The competition may come out with a 2-for-1 offer on mid-week nights. Should you match the offer? A good knowledge of your component costs will help you answer the question.

Mid-Week Gross Margin

Classic cost accounting techniques help operators to decide whether to close or stay open depending on expected sales volume. Generally, it is beneficial to remain open if your sales covers all variable costs and contributes to your fixed costs. If you can't even cover your variable costs, you would find more profits by closing your doors.

It may be impossible to change your hours for just one night. It is quite common to find different hours of operation for Monday to Thursday, Friday/Saturday, and Sunday. Many restaurants close one day a week. Most of these locations close on a Sunday or Monday. A few pick Tuesday to close.

Competitor analysis is very helpful. If everyone in your zone closed earlier, there could be a competitive opportunity in staying open longer. You may find you are not contributing to fixed costs the first week or two. Over time, you will catch the late night crowd. There are restaurants in Manhattan with two personalities. During the traditional dinner hours, they offer a quieter atmosphere and a more sophisticated menu. After 9 PM, they turn up the music volume and switch to a simple bar menu.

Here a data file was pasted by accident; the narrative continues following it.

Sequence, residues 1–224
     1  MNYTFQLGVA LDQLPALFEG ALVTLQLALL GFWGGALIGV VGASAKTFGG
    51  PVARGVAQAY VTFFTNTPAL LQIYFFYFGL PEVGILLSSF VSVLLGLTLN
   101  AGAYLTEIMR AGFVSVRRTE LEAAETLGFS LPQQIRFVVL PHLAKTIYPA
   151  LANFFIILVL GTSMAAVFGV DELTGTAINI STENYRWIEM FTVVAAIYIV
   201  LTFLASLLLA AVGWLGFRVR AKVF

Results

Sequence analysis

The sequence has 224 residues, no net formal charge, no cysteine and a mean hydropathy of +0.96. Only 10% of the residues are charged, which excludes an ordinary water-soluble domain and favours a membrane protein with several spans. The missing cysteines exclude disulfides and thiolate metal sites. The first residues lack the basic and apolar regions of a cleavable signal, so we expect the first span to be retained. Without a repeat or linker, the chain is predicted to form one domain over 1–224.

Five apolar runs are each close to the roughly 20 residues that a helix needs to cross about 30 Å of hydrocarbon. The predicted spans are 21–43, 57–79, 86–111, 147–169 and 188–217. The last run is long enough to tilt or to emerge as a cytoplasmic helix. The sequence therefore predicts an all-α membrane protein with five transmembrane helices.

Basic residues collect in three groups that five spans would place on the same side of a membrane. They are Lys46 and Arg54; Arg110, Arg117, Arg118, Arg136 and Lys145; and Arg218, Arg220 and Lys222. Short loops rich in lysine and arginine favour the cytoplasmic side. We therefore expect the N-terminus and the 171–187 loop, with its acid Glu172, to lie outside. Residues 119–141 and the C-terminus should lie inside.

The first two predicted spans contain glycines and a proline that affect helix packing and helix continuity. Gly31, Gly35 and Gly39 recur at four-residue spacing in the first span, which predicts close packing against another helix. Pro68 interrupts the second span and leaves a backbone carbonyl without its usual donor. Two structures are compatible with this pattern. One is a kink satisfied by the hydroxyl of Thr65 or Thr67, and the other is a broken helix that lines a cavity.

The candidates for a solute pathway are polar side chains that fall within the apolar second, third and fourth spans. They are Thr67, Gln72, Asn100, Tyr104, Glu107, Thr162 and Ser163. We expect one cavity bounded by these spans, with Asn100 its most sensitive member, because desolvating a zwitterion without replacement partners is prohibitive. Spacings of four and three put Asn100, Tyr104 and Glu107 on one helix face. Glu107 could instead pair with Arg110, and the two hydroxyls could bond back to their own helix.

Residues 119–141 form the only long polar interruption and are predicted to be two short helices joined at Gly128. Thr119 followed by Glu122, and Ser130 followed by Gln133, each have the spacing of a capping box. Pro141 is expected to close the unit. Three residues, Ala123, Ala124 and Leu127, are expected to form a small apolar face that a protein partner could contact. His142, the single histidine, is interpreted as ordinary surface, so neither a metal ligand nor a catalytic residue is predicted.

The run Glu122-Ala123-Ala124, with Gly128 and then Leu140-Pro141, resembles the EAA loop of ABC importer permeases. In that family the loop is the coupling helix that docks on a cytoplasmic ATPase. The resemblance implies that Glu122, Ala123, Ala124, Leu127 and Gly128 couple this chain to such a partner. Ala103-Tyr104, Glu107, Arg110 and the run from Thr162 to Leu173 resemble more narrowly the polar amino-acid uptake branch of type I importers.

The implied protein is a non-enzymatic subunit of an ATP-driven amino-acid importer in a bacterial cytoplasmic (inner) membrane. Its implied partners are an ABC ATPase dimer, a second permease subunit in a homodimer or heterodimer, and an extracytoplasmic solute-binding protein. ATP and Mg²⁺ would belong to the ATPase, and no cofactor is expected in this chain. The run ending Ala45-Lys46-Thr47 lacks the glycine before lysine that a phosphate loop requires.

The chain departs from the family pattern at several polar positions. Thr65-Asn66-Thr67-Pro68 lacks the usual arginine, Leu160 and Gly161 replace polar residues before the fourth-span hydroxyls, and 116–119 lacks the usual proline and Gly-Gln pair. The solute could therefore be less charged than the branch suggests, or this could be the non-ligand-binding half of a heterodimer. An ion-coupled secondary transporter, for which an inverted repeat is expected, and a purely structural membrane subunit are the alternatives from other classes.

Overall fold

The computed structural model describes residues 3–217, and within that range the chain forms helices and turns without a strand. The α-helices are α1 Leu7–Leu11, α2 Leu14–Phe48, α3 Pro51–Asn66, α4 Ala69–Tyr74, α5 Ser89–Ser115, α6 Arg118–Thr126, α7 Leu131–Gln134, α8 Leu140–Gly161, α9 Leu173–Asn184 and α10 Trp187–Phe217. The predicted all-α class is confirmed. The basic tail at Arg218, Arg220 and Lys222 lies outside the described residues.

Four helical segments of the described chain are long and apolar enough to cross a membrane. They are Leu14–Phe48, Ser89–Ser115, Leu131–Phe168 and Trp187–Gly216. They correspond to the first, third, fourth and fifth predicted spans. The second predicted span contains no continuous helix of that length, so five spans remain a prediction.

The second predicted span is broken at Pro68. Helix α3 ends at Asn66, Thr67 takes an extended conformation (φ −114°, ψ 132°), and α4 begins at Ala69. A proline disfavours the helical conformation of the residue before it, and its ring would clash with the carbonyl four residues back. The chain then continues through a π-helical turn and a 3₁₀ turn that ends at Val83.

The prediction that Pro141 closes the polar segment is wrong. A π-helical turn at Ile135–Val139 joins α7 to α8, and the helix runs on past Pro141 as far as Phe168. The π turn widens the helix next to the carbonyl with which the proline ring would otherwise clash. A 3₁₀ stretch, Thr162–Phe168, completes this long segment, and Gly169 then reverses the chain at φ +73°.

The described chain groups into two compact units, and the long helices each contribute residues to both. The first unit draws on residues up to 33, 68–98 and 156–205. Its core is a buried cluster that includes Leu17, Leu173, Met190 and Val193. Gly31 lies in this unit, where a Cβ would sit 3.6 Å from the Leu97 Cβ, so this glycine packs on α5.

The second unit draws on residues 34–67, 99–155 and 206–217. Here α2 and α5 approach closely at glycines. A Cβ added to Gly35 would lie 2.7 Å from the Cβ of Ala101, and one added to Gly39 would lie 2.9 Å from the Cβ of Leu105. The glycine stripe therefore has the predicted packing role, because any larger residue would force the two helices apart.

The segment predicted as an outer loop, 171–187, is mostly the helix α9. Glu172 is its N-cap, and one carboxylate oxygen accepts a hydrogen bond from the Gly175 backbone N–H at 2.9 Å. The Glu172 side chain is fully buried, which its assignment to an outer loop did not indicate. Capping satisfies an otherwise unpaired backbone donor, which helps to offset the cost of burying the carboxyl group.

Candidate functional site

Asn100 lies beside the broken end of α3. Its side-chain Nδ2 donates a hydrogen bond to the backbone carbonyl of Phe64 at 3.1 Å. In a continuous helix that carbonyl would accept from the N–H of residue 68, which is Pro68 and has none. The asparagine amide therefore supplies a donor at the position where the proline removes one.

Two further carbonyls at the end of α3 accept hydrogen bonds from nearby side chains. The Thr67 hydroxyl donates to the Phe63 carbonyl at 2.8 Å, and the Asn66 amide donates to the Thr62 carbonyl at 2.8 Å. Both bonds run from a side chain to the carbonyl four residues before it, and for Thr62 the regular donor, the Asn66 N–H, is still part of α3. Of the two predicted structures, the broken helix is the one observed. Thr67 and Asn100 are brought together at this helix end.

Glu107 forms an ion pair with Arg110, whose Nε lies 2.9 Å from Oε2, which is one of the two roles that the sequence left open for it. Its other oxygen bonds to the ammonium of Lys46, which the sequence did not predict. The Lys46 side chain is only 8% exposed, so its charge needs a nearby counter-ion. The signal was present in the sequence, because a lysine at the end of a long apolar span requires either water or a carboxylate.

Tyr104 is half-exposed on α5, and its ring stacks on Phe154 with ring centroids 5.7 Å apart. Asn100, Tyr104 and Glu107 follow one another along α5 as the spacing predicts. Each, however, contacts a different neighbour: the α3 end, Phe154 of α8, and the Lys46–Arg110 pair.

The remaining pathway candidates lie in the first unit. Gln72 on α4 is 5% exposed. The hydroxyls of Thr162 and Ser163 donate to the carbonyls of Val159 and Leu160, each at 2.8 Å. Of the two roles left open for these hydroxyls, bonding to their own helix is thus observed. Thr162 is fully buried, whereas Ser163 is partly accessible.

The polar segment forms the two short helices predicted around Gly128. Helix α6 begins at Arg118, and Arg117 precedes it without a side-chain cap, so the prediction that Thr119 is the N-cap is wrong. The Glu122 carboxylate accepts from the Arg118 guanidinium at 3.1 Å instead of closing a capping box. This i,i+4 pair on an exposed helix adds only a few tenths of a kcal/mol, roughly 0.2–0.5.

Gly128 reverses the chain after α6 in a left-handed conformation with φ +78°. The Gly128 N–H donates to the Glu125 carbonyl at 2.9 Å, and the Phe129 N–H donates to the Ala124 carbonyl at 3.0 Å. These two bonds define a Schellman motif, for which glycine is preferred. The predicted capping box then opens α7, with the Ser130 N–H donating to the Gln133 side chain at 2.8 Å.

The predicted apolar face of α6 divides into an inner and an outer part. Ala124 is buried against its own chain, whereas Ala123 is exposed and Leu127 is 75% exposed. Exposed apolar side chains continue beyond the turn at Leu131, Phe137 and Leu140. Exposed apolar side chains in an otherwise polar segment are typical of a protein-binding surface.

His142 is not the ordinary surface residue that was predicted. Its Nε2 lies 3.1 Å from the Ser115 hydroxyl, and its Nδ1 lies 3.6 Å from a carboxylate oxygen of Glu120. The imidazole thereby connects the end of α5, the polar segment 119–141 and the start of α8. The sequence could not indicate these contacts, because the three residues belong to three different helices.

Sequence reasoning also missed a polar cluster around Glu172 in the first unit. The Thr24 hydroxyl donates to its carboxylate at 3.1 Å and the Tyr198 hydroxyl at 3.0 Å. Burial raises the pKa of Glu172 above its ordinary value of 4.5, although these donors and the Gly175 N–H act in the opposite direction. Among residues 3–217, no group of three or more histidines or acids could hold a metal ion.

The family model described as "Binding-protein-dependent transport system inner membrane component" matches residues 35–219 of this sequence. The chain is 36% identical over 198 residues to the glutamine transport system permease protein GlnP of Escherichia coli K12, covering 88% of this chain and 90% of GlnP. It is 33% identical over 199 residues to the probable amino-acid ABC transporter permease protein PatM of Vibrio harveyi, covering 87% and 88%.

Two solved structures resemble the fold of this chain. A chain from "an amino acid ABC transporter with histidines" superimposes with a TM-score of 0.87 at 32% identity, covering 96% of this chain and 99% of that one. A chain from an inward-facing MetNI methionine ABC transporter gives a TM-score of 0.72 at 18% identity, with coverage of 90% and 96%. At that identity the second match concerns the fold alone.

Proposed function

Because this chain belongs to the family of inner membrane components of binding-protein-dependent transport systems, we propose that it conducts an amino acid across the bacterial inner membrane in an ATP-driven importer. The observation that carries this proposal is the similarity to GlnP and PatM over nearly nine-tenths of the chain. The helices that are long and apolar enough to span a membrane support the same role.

If you want to evaluate your current hours of operation, you need to find the sales by hour report on your POS system. Ignore the obvious peak periods and focus on the the off-peak. You may see some clear trends. Perhaps Monday through Wednesday sales after 9 PM are very low. Sunday evening could be either up or down depending on your menu and location. Take a look at different formats for the slower periods.

You may have a better chance with booking parties in specific time slots.

I have seen an Irish pub switch from dinner Saturday evening to music and dancing after 9 PM and go until 4 AM. They then tear down the room and go with Sunday brunch from 9 AM until 2 PM. Then they close for the rest of the day.

You need to know your fixed and variable costs. Armed with this information and your hourly sales data, you can harvest more profit from your restaurant.

Wednesday, January 28, 2009

Starbucks Decides To Control Waste

Last August, I posted an article Eliminate Chronic Waste which described my observations at a New York coffee shop. This location continuously brewed coffee each 20 minutes. They dumped the previous batch down the drain. reports Starbucks has decided to reduce waste through a policy shift on afternoon decaf brewing procedures. After noon each day, decaf coffee will be available on request. Previously, the decaf coffee was continuously brewed.

Monday, January 19, 2009

Who's Dining Out Mid-Week?

I spoke with a family member this weekend about the Saturday cooking shows, cookbooks, kitchen equipment and other post-holiday issues relating to food. Her husband is retired and they enjoy dining out. Typically, they avoid the packed dinner houses on Friday and Saturday nights. They prefer to go to restaurants on Sunday and Thursday evenings.